Somali Pirates: Inglorious Swashbucklers Essay

Somali Pirates: Inglorious Swashbucklers Essay

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Throughout the 21st century, Somali pirates have terrorized the waters off the Horn of Africa, seizing deliveries and costing billions of dollars annually to the global shipping trade. Unlike the quixotic buccaneers of the past, these modern-day marauders have changed into unsympathetic criminals who flourish in the lawlessness of the Somali Civil War. Various aid organizations, including the United Nations’ World Food Program, International Committee of the Red Cross, and CARE International, have stated that piracy has prevented the entrance of humanitarian relief, since 80%-90% of food assistance to Somalia arrives by maritime means. According to Mthuli Ncube, the African Development Bank’s chief economist, “Piracy is very much a concern and not abating at all. It hampers the delivery of food aid. Some has to be flown in, which has impact on cost, or it has to go to ports like Mombasa, Kenya and then be driven overhead, which takes time.” According to the United Nations Office for the Coordination of Humanitarian Affairs, almost 4 million people in Somalia suffer from malnourishment, thereby necessitating the continued operation of philanthropic agencies, despite the dangers posed by this malefaction.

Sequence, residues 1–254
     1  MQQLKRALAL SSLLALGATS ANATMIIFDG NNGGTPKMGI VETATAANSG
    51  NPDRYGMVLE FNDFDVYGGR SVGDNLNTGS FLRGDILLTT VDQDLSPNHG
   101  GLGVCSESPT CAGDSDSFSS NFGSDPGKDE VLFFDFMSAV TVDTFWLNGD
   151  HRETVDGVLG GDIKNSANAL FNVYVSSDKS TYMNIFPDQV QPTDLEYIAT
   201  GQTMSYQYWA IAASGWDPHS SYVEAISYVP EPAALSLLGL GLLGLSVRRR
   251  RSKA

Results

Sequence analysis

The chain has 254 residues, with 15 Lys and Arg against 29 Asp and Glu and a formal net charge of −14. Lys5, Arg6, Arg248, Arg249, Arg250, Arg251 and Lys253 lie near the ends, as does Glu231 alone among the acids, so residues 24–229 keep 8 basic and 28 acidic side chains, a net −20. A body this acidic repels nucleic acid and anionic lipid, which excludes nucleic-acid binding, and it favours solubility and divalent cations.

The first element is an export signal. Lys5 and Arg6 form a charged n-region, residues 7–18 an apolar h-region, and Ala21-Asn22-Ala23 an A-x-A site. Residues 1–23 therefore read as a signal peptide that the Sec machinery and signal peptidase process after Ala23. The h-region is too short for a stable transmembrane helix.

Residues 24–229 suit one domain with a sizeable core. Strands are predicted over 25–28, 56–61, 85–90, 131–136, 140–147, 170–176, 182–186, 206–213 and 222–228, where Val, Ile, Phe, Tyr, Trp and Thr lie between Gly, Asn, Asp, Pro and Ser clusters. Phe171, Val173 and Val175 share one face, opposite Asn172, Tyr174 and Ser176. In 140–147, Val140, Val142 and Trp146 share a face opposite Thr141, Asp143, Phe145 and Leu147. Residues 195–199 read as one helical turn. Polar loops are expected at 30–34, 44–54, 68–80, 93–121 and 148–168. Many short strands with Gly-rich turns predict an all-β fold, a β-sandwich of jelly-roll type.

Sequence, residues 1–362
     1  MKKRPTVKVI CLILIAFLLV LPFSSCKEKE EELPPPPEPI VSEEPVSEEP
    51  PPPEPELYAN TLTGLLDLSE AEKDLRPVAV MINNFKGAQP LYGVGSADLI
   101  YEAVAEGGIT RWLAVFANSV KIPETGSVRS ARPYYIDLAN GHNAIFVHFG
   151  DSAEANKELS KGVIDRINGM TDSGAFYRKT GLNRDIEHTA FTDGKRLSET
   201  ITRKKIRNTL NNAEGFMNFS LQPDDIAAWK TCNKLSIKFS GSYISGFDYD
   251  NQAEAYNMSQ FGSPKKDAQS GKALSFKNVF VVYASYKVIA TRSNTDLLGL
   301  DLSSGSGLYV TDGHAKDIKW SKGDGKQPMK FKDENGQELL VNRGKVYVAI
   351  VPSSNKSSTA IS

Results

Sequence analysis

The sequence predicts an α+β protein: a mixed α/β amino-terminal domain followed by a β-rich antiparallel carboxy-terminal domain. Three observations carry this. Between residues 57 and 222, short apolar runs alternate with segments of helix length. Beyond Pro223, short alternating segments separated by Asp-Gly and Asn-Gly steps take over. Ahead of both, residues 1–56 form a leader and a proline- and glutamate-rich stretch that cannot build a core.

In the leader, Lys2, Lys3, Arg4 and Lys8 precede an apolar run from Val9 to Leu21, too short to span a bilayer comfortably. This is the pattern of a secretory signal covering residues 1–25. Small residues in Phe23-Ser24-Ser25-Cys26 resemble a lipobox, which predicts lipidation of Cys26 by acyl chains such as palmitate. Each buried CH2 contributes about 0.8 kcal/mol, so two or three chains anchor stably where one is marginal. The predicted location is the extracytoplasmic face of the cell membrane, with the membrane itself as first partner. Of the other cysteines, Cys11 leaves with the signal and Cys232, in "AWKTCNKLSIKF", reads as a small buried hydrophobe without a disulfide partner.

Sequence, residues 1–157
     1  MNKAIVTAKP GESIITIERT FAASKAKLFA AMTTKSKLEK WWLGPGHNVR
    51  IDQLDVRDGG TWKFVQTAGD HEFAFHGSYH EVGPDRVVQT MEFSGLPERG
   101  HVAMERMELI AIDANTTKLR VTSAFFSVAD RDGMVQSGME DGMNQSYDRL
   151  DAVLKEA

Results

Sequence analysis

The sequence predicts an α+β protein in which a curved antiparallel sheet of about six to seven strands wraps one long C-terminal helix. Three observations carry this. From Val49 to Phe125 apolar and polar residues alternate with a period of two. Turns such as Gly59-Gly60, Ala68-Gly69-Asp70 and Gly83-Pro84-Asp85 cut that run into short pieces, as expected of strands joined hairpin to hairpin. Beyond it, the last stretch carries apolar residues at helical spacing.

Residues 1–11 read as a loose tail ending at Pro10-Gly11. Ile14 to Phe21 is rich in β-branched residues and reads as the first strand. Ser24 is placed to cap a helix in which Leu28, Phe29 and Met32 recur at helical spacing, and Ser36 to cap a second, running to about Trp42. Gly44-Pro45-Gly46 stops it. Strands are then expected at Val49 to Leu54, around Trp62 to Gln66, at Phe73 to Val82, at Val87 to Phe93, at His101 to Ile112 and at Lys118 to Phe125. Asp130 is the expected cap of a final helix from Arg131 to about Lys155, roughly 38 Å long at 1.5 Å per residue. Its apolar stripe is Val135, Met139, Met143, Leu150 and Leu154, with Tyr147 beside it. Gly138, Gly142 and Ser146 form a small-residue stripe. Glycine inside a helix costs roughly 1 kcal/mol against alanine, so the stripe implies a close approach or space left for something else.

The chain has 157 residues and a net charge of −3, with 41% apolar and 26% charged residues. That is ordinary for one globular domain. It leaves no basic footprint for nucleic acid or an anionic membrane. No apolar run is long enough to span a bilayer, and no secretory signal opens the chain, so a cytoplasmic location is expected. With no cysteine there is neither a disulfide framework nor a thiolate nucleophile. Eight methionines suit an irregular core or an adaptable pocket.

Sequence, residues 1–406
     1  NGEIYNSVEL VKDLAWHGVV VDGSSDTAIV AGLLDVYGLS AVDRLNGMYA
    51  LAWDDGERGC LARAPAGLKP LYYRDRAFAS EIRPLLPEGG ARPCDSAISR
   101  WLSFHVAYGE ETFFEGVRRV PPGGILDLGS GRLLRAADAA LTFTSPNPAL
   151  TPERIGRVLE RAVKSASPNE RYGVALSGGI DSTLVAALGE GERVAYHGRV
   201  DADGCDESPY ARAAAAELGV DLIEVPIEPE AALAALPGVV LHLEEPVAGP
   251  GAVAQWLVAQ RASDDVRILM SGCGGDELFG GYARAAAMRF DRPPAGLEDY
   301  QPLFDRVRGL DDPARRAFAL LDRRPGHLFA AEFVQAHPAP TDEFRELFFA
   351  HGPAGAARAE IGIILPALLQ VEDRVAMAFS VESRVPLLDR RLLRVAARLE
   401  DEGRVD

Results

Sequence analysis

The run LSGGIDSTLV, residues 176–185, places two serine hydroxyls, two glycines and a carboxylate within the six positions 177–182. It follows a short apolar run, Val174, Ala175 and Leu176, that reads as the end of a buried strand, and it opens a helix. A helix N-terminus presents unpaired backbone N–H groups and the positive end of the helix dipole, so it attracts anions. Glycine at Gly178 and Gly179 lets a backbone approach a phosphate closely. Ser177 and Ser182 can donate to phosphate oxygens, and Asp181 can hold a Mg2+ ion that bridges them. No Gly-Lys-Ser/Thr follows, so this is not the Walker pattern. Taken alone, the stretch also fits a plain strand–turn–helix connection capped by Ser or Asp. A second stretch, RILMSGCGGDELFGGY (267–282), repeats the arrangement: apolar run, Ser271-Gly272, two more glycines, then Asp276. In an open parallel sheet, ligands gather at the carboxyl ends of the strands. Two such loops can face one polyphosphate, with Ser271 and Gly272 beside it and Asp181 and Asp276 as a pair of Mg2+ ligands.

For years, the origin behind this surge of freebooting has been debated. Eventually, U.N. reports concluded that illegal fishing and dumping of toxic waste by foreign vessels have destroyed Somalia’s fishing supply and compelled many native anglers to resort to apprehending extralocal ships and stealing the resources onboard as a vindicated defense of their waters and reimbursement for lost fishing grounds. Many Somali warlords, coastal residents, and activists blame Western powers for instigating piracy, and demand the dismis...


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...ditions, the finest hauls never beget millions of dollars. Rather, too many Somalis have realized that a criminal life in piracy brings greater success than a regular life toiling in war-wracked cities such as Mogadishu. Truly, the chaos of Somalia prompted piracy, not the sapped fishing grounds and toxic waste dumping by European and Asian fleets.

Today, innocent sailors risk their lives doing their jobs against corsairs increasingly desperate to acquire coin from this fruitful, crooked venture. While replenished fishing stocks may slightly diminish these criminal incidences, it is fundamentally the formation of a permanent Somali state that would cease the lawlessness behind the piracy. Until the international community assists Somalia in this matter, inglorious swashbucklers will continue to engage in unwarranted piracy in the waters off the Horn of Africa.

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